The posts of Parliamentary and Health Service Ombudsman are attached to the Westminster Parliament, with additional posts at the Scottish Parliament, the Welsh Assembly and other government institutions.
The creation of the post of the Parliamentary Ombudsman was spurred on by the 1954 Crichel Down affair and by the activism of pressure groups, including the Society for Individual Freedom. The position was created, and his or her powers are documented in, the Parliamentary Commissioner Act 1967, the most notable section of which is section 4 and Schedule 2, which constrain the powers of the incumbent ombudsman. Amongst other things, the ombudsman cannot investigate crime, national security, foreign affairs, the armed forces and other civil services. The position of HSC was created later, under the Health Service Commissioners Act 1993. The office of the Parliamentary and Health Service Ombudsman emphasises that it looks into complaints "that government departments, their agencies and some other public bodies in the UK – and the NHS in England – have not acted properly or fairly or have provided a poor service." The first UK Ombudsman was Sir Edmund Compton who had previously been the Comptroller and Auditor General. He was succeeded by Sir Alan Marre, a career civil servant. He was the first Ombudsman appointed for the National Health Service and combined that role with that of the Parliamentary Ombudsman as have all his successors. He later became chairman of Age Concern and the post is currently held by Ann Abraham (since 2002). She is a former director of the National Association of Citizens Advice Bureaux.
Those seeking the assistance of the PCA generally find the process to be difficult. Firstly, all complaints have to go through a Member of Parliament (MP); this is known as the 'MP filter', which checks the legitimacy of complaints. In many cases, an MP attempts to solve the problem themselves, though the effectiveness of this can be called into question. Secondly, the Ombudsman rejects nearly 50% of his received applications (once that have passed through the filter) at first instance. Finally, the ombudsman will not investigate complaints where recourse to an alternate remedy (tribunal, internal complaints etc) exists. This can be extremely offputting for complainants, most of whom do not want to get involved in this process. If a complainant can plough through all this, complaint resolution normally takes about 40 weeks.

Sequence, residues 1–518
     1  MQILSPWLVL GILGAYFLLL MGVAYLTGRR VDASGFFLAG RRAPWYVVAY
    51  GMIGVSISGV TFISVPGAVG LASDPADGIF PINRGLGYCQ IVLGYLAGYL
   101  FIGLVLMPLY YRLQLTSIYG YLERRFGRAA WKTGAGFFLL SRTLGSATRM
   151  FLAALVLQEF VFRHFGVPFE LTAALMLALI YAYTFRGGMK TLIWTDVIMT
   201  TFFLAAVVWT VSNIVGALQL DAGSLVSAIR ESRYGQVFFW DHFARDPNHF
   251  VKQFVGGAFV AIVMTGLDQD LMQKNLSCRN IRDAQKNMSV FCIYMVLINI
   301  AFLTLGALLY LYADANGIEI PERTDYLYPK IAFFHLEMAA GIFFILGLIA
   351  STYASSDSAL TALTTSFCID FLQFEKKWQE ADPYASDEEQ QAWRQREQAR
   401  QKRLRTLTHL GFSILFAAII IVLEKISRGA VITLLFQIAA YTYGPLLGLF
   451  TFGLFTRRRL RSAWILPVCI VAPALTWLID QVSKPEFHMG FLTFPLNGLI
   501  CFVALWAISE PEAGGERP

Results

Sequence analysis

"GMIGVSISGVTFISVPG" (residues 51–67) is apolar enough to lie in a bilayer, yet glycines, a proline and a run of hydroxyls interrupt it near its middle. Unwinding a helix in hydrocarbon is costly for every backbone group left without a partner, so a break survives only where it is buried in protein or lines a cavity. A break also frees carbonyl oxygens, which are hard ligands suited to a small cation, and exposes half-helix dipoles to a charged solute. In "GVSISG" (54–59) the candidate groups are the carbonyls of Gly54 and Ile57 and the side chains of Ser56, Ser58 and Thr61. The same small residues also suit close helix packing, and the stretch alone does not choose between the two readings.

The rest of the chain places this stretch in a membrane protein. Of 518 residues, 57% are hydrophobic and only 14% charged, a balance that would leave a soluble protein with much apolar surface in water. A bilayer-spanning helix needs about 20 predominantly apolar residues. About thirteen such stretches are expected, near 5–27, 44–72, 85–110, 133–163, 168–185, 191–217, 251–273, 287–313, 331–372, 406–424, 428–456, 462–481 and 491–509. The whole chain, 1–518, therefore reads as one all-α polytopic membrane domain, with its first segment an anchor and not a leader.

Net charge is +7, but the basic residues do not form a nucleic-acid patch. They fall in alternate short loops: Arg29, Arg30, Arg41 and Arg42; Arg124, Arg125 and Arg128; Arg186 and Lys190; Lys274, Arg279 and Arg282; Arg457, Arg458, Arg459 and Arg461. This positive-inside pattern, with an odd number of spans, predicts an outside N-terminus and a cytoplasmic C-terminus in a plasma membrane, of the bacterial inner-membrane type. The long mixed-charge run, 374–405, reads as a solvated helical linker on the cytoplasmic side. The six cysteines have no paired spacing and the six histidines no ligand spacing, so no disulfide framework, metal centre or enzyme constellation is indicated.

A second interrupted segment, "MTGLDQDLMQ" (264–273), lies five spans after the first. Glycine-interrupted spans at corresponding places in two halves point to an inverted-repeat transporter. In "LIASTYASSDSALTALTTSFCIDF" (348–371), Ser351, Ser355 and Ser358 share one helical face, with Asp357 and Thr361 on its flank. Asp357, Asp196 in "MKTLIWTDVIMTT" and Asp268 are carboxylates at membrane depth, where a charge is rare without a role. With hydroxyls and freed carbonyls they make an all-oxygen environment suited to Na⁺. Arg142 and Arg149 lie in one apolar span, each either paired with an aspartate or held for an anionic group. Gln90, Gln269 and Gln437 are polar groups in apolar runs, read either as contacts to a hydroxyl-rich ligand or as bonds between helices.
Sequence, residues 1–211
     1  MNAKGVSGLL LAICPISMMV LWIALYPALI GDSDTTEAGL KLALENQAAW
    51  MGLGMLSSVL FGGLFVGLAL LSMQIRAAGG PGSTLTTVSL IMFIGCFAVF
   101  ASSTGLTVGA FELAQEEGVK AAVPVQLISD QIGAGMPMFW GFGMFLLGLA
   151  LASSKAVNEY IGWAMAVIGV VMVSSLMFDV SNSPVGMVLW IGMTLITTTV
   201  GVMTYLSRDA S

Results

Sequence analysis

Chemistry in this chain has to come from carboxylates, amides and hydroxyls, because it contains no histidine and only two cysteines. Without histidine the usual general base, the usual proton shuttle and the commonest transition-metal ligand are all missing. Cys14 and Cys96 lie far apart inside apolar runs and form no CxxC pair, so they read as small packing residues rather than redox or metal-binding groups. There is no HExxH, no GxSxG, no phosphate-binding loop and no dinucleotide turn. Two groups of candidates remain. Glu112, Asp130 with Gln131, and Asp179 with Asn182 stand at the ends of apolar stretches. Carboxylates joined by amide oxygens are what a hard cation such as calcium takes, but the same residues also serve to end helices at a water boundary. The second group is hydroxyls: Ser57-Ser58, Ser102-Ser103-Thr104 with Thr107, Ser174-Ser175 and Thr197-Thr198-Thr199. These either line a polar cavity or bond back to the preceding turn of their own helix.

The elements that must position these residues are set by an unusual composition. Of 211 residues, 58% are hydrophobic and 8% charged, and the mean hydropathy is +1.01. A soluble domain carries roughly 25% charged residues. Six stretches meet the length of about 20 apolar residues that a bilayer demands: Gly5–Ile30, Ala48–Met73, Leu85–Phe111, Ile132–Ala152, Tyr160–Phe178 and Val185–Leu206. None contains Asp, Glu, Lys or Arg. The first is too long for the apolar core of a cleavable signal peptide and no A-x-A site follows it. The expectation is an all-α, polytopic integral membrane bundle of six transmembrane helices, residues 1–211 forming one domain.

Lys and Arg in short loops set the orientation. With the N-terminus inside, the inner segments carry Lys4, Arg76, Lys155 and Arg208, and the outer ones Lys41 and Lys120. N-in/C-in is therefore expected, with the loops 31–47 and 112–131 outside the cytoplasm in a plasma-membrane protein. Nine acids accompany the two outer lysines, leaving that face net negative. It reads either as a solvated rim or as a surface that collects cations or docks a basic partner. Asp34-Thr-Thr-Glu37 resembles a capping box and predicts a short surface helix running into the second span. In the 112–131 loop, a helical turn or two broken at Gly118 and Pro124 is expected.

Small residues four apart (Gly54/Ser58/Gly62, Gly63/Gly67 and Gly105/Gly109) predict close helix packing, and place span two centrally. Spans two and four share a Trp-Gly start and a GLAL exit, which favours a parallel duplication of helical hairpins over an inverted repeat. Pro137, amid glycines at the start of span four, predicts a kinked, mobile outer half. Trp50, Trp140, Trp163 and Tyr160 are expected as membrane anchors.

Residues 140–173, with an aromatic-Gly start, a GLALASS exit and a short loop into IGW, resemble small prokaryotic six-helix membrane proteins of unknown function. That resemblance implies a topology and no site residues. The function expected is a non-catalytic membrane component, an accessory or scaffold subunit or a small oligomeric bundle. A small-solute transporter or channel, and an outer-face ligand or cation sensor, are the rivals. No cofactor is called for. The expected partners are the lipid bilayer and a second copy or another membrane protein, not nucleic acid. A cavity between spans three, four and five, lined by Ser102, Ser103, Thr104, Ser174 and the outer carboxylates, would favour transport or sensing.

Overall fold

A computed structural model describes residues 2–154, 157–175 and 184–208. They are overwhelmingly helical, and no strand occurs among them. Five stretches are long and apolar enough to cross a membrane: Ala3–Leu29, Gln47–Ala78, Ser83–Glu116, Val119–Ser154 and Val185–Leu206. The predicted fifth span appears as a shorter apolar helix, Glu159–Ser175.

Putting a complaint to the HSC is simpler in that no MP filter is operated. However, it is generally expected that complaints have been first put to the NHS body complained about. Following that is the "independent review" stage of the complaints process. This formerly took the form of a three-person independent panel usually convened by a non-executive NHS Trust director. The responsibility for this stage of the procedure was taken over in 2004 by the Healthcare Commission. The HSC is the third and final (non-judicial) port of call for complainants.
The Ombudsman's powers are completely non-binding upon any authority. He or she may publish a report, but that is all the coercion he can assert, relying instead upon credibility. Usually, this does exert sufficient moral influence to make an authority change its decision. The Ombudsman does not exist to complain about the merits of a decision. For example, in 1996 those suffering 'planning blight' on their houses due to the creation of the Channel Tunnel were eventually awarded compensation without admission of fault or liability.
Finally, the Ombudsman's decision may be challenged by judicial review under normal public law grounds. This happens rarely, but does occur. For example, in R v PCA, Ex Parte Dyer , a complaint was investigated and a report issued. The complainant to the Ombudsman was not satisfied with the report or the process leading to it and challenged the Ombudsman's actions. The Ombudsman viewed the matter as concluded. The complainant commenced a judicial review action. The judge confirmed that the Ombudsman was amenable to judicial review but the court would not readily interfere with the Ombudsman's exercise of his discretion as the intended width of his powers was clear from the Parliamentary Commissioner Act 1967. The Rules of Natural Justice did not require that the applicant should see his report before he had sent a copy to the Department complained of. The discretion conferred on him by the Act did not include the power to reopen an investigation. It should be noted that the Ombudsman's processes have changed under the tenure of Ann Abraham and reports are to be shared with both the complainant and the public body prior to the conclusion of the matter.